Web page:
Baltimore Heart Ball, remembering Dr. Barry Lever and Agi Rado and more
Baltimore Heart Ball raises $900K
More than 600 people attended the 34th annual Baltimore Heart Ball on Feb. 23 at the Baltimore Marriott Waterfront Hotel. The evening raised nearly $900,000 for the Maryland affiliate of the American Heart Association and the American Stroke Association. Baltimore restaurateur Tony Foreman, founder and co-owner of the restaurant company Foreman Wolf, served as chair of this year’s gala. The event featured dinner and dancing, live and silent auctions, and music by Doc Scantlin and his Imperial Palms Orchestra. February is “American Heart Month.” The Heart Ball annually brings together medical and community leaders to raise funds and awareness for cardiovascular research.
Also see: Tony Foreman on Facebook Live
Dr. Barry S. Lever dies
Dr. Barry S. Lever, a retired periodontist known for his passion for the story of the Exodus 1947, the Chesapeake Bay freight passenger ship forever linked to the founding of Israel, died on Feb. 24. A Pikesville resident and Chizuk Amuno congregant, he was 84. Lever, a native of Harrisburg, Pa., was the son of Samuel and Doris (Hankin) Lever. He received his bachelor of science and doctor of dental surgery degrees from the University of Pittsburgh in 1958. He served as a postdoctoral fellow with the U.S. Public Health Service and received certificates in periodontics from the University of Pennsylvania School of Medicine and the Boston University Graduate School of Medicine. Lever served as a dental officer in the U.S. Naval Reserves. He and his family moved to Baltimore in 1963, and he ran a private practice here until 1997. Services will be held Sol Levinson & Bros., 8900 Reisterstown Road, at Mount Wilson Lane, on Feb. 26, at 3 p.m. Interment will be at Arlington Cemetery-Chizuk Amuno Congregation, N. Rogers Ave. Contributions in Lever’s memory may be sent to CO/LAB Theater Group, P.O. Box 727, New York, N.Y. 10108, or any other charity.
Also see: Five Couples Who Found Their Soulmates
Concert pianist Agi Rado dies
An internationally known concert pianist and Holocaust survivor, Agi Rado died Feb. 22 at her home at Springwell Senior Living Community in Mount Washington. She was 90. The Budapest-born Rado was the daughter of Imre Rado and Valerie Bjor Rado, and her mother was her first piano teacher. Rado made her performing debut at age 11 and graduated from the Franz Liszt Academy of Music in Budapest. She was a protege of famed composer Zoltan Kodaly. A graveside service for Rado will be held on Feb. 26 at 11 a.m. at Dulaney Valley Memorial Gardens, followed by a 7 p.m. service at Bolton Street Synagogue. Contributions in her memory may be sent to the Bolton Street Synagogue, 212 W. Cold Spring Lane, Baltimore, Md. 21210, or CHANA, 101 W. Mount Royal Ave., Baltimore, Md., 21201.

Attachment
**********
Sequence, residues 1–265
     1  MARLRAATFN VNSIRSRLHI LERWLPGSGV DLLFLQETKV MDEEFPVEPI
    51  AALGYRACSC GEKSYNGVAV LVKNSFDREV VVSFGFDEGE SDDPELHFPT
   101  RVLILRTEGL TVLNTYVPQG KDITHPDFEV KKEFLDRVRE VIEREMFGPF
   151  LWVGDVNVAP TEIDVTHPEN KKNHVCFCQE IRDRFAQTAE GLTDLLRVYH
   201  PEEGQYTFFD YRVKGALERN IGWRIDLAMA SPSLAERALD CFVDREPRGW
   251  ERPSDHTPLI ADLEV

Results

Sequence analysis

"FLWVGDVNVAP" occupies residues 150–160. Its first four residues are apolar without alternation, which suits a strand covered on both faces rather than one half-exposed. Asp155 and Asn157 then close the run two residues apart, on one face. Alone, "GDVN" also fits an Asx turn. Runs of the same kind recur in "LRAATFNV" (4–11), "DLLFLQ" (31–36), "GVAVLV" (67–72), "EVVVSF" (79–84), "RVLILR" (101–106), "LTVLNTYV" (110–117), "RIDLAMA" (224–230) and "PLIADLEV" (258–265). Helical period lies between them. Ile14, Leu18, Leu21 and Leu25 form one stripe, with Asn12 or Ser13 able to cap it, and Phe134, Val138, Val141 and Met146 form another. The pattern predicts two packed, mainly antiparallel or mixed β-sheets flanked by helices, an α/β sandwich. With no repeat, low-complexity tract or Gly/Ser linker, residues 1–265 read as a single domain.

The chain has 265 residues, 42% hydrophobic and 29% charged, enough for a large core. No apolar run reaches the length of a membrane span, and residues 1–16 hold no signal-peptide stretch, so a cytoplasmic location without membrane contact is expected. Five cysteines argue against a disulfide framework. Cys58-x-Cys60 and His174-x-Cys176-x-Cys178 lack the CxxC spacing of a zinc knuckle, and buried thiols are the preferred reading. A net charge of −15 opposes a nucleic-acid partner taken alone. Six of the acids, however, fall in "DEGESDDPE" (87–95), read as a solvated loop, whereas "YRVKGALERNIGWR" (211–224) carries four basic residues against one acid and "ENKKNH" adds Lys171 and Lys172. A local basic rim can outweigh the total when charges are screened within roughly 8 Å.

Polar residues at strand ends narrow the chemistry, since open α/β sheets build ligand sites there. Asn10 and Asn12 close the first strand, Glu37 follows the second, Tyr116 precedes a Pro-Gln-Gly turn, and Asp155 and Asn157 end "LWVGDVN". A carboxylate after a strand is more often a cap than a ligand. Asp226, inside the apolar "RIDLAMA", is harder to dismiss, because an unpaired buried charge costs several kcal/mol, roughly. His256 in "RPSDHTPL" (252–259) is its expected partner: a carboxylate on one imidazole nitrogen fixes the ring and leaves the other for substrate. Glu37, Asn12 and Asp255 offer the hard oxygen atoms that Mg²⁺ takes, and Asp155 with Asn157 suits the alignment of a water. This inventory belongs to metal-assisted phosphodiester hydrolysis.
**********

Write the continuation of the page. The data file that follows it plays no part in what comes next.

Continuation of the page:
Chief rabbi of Argentina attacked in home invasion
The chief rabbi of Argentina was brutally assaulted by a gang of people who entered his home before dawn on Feb. 25. The attackers broke into the apartment in the Jewish neighborhood in Once in Buenos Aires at around 2 a.m. shouting: “We know that you are the AMIA [Jewish center] rabbi,” and then beat him. Rabbi Gabriel Davidovich was hospitalized with serious injuries, including nine broken ribs, according to Jewish political umbrella DAIA President Jorge Knoblovits. His wife was home at the time of the incident. The attackers restrained her and stole money and belongings from the apartment.
Trial of former Nazi SS guard, 95, likely over because of his ill health
The trial in Germany of a former Nazi SS guard, now 95, likely cannot be restarted after it was suspended due to his ill health. Johann Rehbogen is accused of being complicit in the mass murders of several hundred prisoners at the Stutthof concentration camp. More than 60,000 people were killed at Stutthof during World War II. His trial was suspended by the judge in December because Rehbogen was hospitalized with heart and kidney problems. On Feb. 25, the Muenster state court said it seems unlikely that the trial will be restarted after a doctor determined that he is still unfit to stand trial, The Associated Press reported. Rehbogen, who uses a wheelchair, was younger than 21 when he worked at the camp between 1942 and 1944 and thus is being tried in a juvenile court in the western German city of Muenster. The trial started in November and only met twice a week on non-consecutive days to accommodate his age and poor health.—JTA
Director of ‘Singin’ in the Rain’ dies at 94
Stanley Donen, the filmmaker and choreographer best known for the 1952 musical “Singin’ in the Rain,” has died. Donen died Feb. 21 from heart failure in New York City. He 94. As a child in Columbia, S.C., Donen faced anti-Semitic bullying and used the movies as an escape from the tensions of being one of the few Jews in his community, The Associated Press reported. He became an atheist as a youth. The movies turned him on to the world of dancing and acting. He met Gene Kelly when they worked on the original Broadway production of Rodgers and Hart’s “Pal Joey,” when Donen, then 16, was in the chorus and Kelly was cast in the lead. They met again in Hollywood and began working together, first with Donen as Kelly’s assistant, choreographer and later as co-director. Donen also worked with actors including Cary Grant, Frank Sinatra and Fred Astaire. Some of his other notable films include “On the Town” (1949), “Royal Wedding” (1951), “Seven Brides for Seven Brothers” (1954), “Funny Face” (1957), “Indiscreet” (1958), and “Charade” (1963).
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